As arborists, we have seen many tree diseases and pests, but one of the most persistent and destructive is the black knot fungus. This fungus attacks a wide range of tree species, but is particularly harmful to wild and cultivated cherries, plums, and apricots. The black knot fungus infects the branches, twigs and sometimes the trunk of trees, and can severely damage or kill the tree if left untreated. In this article, we will explain what black knot is, how it infects trees, and what can be done to prevent and control its spread.
Black knot, scientifically known as Apiosporina morbosa, is a fungal disease that is widespread in the Northern Hemisphere. The fungus infects trees through their bark and begins to grow inside, forming large, black, and knotty growths on the branches. The knots can grow up to a foot in length and several inches in diameter, and they can become so large that they cause the branches to crack and break. The infected bark and wood can also become stunted and distorted, which can reduce the tree’s overall health and vigor.
The fungus is most commonly spread through the dispersal of its spores, which can be carried by wind, rain, animals, or even people. It can also spread through pruning tools that are not properly sanitized between cuts, as well as by infected wood used for firewood or landscaping purposes.
To prevent the spread of black knot, it is important to practice proper sanitation techniques. This includes regularly inspecting trees for symptoms of infection and removing infected branches before the fungus has a chance to spread. Pruning tools should be sterilized between cuts, and infected wood should be disposed of properly.
In addition to proper sanitation, there are fungicides available that can be used to control black knot. These fungicides can be applied to the tree trunk or directly to the knots, and they can help to slow or stop the spread of the fungus. However, fungicides are not a cure-all, and they should be used in conjunction with other preventative measures.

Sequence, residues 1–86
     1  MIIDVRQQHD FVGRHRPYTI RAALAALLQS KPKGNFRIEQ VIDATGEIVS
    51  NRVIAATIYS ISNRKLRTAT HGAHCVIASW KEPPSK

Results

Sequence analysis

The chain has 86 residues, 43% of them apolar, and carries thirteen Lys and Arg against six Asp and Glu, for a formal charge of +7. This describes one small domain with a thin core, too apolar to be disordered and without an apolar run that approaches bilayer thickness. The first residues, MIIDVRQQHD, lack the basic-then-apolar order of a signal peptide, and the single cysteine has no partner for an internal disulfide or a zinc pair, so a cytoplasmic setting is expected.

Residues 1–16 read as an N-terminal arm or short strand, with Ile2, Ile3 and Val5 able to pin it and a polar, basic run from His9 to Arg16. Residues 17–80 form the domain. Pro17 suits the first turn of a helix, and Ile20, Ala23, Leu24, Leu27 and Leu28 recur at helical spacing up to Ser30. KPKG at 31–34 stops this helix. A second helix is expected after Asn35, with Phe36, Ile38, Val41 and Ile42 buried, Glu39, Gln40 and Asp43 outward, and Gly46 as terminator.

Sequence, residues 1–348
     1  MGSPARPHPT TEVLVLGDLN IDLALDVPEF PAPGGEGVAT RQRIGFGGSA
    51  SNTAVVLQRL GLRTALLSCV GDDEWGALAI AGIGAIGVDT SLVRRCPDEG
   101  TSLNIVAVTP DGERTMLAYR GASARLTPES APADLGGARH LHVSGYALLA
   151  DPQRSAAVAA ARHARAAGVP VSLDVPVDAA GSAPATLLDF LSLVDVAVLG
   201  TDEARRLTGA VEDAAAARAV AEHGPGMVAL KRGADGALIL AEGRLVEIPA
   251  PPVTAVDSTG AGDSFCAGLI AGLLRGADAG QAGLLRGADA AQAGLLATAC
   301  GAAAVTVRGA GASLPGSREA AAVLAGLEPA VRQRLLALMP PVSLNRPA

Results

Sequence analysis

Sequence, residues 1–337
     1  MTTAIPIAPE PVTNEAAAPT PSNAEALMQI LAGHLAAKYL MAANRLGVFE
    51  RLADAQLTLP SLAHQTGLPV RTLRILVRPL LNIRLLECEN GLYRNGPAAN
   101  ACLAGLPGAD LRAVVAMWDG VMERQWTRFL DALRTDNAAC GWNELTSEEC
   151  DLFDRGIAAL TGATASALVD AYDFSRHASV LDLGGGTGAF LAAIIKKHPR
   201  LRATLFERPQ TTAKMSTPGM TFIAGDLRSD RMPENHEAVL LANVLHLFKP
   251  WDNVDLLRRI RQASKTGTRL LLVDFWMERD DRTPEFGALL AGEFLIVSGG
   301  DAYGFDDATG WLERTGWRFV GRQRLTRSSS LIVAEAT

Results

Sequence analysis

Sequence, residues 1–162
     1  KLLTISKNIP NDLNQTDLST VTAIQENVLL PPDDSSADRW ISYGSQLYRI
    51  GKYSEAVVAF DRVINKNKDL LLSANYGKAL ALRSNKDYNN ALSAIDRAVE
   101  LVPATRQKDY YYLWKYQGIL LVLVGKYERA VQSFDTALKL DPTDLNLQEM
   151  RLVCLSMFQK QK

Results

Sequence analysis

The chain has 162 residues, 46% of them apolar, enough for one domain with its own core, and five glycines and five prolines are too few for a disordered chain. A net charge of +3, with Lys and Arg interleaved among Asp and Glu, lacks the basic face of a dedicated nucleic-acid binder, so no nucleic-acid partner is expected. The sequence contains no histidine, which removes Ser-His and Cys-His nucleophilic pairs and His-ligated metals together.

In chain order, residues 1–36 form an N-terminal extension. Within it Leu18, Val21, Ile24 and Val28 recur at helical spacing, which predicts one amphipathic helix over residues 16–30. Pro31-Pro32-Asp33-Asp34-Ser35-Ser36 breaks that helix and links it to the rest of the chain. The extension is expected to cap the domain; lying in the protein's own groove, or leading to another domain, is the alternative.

If a tree has been infected with black knot, it is important to take immediate action. Infected branches should be cut back to healthy wood and disposed of properly. This will help to reduce the amount of spores that can be spread to other trees, and it will help to prevent the fungus from spreading further within the tree. In severe cases, the entire tree may need to be removed to prevent the spread of the fungus to other trees in the area.
Fall and winter are the times when Black Knot is easiest to recognize. The effect of the fungus on the tree’s growth can be compared to cancer, where the cells grow abnormally and often larger than is otherwise healthy. This can affect the overall canopy and growth of the tree, although unaffected areas of the tree will maintain green leaves which can be confusing to the untrained eye.
Of course, prevention and treatment for black knot is included in a Plant Health Care subscription from Arborscapes. (As are myriad other pests and diseases) If you would like to become a part of our Plant Health Care program, reach out to Arborscapes today! Your living landscape will be the envy of the entire neighborhood!
A self-proclaimed tree hugger and preservationist, John has more than 20 years of experience in arboriculture. He earned an Associate Degree in Horticulture Technology from Central Piedmont Community College and became a Board-Certified Master Arborist in 2012.